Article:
The speech made by Damian Hinds, the Minister for Security and Borders, in the House of Commons on 24 November 2021.
It was with great sadness that we heard yesterday of a body being found in the search for 18-year-old Bobbi-Anne McLeod. Our thoughts and prayers, and those of the whole House, are with her family. I join my hon. Friend the Member for South West Devon (Sir Gary Streeter) in his praise and thanks of the emergency services.
I thank my hon. Friend for securing the debate on the tragic case of the late Captain David Mockett. My hon. Friend has long campaigned on the case and has shown great determination in seeking justice on behalf of his constituents, the family of Captain Mockett. I hear what my hon. Friend says about his continuing commitment in that regard. I also express my sympathies to the Mockett family for the tragic loss of their husband and father, and of a professional who was clearly highly respected in his field. Their determination and perseverance in seeking justice is entirely understandable and right, and of course we must do what we can to deliver on that.
As my hon. Friend said, the Metropolitan police counter-terrorism command, known as SO15, supported the Yemeni authorities and the Foreign and Commonwealth Office, as it was then known. That command has unique expertise in assisting with complex cases in other countries. In 2011, a senior SO15 officer conducted a scoping exercise on the circumstances around Mr Mockett’s death to assist the UK coroner, and he subsequently gave evidence at the inquest. The coroner concluded that the murder was most likely criminally motivated. I understand that SO15 has worked closely with the City of London police, which carried out a fraud investigation linked to the case, as my hon. Friend mentioned. The Metropolitan police assured us that, over the last 10 years, SO15 has sought to assist other agencies with the appropriate jurisdiction and will continue to do so.
It is the case that Yemeni authorities have overall responsibility for the homicide investigation and there are very limited circumstances where UK police can take primacy on an investigation into a murder overseas. The Metropolitan police is of the view that the circumstances in this case are such that UK police do not have legal authority.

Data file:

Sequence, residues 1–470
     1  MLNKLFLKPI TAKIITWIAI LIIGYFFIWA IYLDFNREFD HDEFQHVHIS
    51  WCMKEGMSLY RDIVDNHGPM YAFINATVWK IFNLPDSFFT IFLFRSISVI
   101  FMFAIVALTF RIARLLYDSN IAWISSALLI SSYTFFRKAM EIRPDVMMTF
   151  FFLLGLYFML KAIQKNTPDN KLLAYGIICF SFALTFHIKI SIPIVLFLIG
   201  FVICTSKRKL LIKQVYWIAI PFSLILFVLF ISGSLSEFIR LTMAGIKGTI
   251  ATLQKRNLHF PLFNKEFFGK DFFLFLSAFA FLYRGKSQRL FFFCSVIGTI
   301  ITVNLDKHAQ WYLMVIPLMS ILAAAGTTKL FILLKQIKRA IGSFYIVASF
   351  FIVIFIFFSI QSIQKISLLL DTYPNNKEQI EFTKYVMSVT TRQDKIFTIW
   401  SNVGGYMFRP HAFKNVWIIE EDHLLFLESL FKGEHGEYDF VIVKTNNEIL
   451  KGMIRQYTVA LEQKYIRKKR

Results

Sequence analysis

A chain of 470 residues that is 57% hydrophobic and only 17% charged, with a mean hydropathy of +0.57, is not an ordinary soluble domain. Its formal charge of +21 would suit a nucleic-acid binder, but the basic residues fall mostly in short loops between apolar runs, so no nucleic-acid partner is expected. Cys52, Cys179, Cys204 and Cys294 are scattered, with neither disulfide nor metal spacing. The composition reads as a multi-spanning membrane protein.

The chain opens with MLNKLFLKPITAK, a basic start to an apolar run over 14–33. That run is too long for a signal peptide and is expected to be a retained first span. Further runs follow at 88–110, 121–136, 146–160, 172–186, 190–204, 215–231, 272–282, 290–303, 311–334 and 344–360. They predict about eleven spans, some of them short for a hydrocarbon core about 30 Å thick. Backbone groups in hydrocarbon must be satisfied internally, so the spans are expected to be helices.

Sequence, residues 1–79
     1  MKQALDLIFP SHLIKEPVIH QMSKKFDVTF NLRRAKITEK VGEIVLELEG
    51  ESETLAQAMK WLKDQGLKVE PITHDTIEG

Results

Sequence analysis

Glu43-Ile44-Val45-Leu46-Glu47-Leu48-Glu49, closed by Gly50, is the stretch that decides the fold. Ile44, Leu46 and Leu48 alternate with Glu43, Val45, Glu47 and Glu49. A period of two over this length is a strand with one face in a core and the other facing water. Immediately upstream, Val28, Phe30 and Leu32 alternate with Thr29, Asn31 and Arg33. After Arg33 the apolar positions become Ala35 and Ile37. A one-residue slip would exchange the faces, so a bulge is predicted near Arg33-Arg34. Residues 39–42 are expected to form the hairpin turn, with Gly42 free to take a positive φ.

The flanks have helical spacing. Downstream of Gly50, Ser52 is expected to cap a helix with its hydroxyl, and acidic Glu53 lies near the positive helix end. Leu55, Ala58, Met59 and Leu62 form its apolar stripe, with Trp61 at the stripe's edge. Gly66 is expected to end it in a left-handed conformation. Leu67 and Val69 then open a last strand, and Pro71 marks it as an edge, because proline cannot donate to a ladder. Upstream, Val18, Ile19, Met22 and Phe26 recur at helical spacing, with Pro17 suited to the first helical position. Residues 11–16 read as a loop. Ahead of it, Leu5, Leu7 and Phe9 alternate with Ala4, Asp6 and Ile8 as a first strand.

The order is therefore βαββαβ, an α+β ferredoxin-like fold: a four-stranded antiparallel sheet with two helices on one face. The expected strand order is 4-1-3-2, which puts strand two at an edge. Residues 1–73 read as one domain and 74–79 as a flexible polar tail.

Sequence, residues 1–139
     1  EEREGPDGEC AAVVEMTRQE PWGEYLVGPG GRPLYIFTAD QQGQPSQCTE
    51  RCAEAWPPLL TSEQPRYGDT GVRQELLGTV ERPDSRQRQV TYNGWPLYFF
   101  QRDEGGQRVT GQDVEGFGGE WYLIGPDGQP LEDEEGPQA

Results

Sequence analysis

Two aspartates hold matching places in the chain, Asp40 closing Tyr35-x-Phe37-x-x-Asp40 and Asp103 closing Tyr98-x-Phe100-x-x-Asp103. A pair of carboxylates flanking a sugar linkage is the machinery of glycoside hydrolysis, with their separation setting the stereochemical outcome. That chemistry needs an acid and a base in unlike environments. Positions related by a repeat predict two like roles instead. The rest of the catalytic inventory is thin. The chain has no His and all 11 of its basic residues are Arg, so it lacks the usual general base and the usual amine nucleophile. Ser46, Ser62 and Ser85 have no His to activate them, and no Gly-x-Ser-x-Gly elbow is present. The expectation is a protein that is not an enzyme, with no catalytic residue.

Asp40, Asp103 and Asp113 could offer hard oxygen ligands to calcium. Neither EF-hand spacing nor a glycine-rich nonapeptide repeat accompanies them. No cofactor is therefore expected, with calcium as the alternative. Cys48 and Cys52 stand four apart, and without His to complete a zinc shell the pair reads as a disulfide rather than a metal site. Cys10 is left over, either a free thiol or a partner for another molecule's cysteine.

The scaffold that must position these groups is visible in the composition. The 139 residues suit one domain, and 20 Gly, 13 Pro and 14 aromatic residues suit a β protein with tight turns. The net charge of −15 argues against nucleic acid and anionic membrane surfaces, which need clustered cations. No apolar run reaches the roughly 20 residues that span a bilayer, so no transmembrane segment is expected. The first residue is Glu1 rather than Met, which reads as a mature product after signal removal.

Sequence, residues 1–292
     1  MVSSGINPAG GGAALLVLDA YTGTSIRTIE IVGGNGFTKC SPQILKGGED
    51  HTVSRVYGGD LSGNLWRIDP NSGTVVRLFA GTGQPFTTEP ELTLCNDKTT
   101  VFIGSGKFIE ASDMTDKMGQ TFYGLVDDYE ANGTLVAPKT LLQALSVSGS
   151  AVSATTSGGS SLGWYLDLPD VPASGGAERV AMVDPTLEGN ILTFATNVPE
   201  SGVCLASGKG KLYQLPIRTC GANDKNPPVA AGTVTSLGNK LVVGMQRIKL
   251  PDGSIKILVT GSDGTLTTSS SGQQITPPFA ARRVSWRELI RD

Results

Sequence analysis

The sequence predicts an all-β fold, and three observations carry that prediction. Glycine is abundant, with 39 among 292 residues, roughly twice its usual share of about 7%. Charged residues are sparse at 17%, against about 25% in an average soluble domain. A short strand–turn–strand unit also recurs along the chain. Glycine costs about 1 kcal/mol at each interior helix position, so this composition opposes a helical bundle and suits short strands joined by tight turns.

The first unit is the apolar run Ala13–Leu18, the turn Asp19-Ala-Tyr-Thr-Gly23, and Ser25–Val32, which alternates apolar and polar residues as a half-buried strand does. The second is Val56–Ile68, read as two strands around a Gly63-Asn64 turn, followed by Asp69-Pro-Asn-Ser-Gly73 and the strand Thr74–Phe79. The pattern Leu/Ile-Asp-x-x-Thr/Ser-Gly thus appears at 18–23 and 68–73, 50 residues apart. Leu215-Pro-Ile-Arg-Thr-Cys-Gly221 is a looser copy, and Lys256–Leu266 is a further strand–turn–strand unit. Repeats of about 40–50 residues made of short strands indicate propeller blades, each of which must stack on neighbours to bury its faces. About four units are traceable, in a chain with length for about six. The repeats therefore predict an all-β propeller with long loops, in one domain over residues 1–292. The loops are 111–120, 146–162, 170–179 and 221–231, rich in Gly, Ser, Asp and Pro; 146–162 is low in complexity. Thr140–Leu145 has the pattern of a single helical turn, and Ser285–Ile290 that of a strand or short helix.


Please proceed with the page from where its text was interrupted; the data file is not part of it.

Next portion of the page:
My late predecessor, our friend James Brokenshire, wrote to my hon. Friend in 2020 in response to his correspondence, as he will recall. As noted in that letter, the police and the National Crime Agency are operationally independent, as he noted in his closing remarks. Ministers do not have the powers to make a request or direction to them to open an investigation. In our system, that would not be appropriate.
I am entirely sympathetic to my hon. Friend’s determination to seek justice for his constituents. I am also sure that he will appreciate the principle of the operational independence of the police and of how operational decisions and, ultimately, prosecution decisions are made. Indeed, the police must be able to operate free of political influence or interference, even in cases as tragic, emotive and difficult as this one. Where there is a case for further action, we would of course expect them to take appropriate action.
While I regret that I am not in a position to agree to the requests my hon. Friend set out in his speech, I will do—and want to do—what I can to help support David’s family. First, I can confirm that the case has been drawn to the attention of Her Majesty’s ambassador to Yemen, who can make representations about the matter to the Government of Yemen. I am also, of course, very happy to meet my hon. Friend away from the Floor of the House to discuss the case more fully, and we should be in touch on that immediately.
I would like to thank my hon. Friend for seeking this important debate.
Sir Gary Streeter
I appreciate all that the Minister has said, but is he satisfied, or could he make further inquiries, on the point I have raised repeatedly about looking at the Aviation and Marine Security Act to see whether some other kind of investigation might be pursued by the British authorities into the act of piracy, which could then have the right result in securing some kind of justice? Could he please go back to his office and look at that point for me? I would be most grateful.
Of course, I am not going to say no to my hon. Friend on that question. I do not know what the prospects might be, but, yes, of course I can do that, and specifically, when he and I meet, we can discuss it.
I was just coming to the end of my remarks, but I wish to finish by once again extending my own deepest sympathies and, on their behalf, those of colleagues in the Home Office and the Home Secretary to the family and friends of Captain Mockett.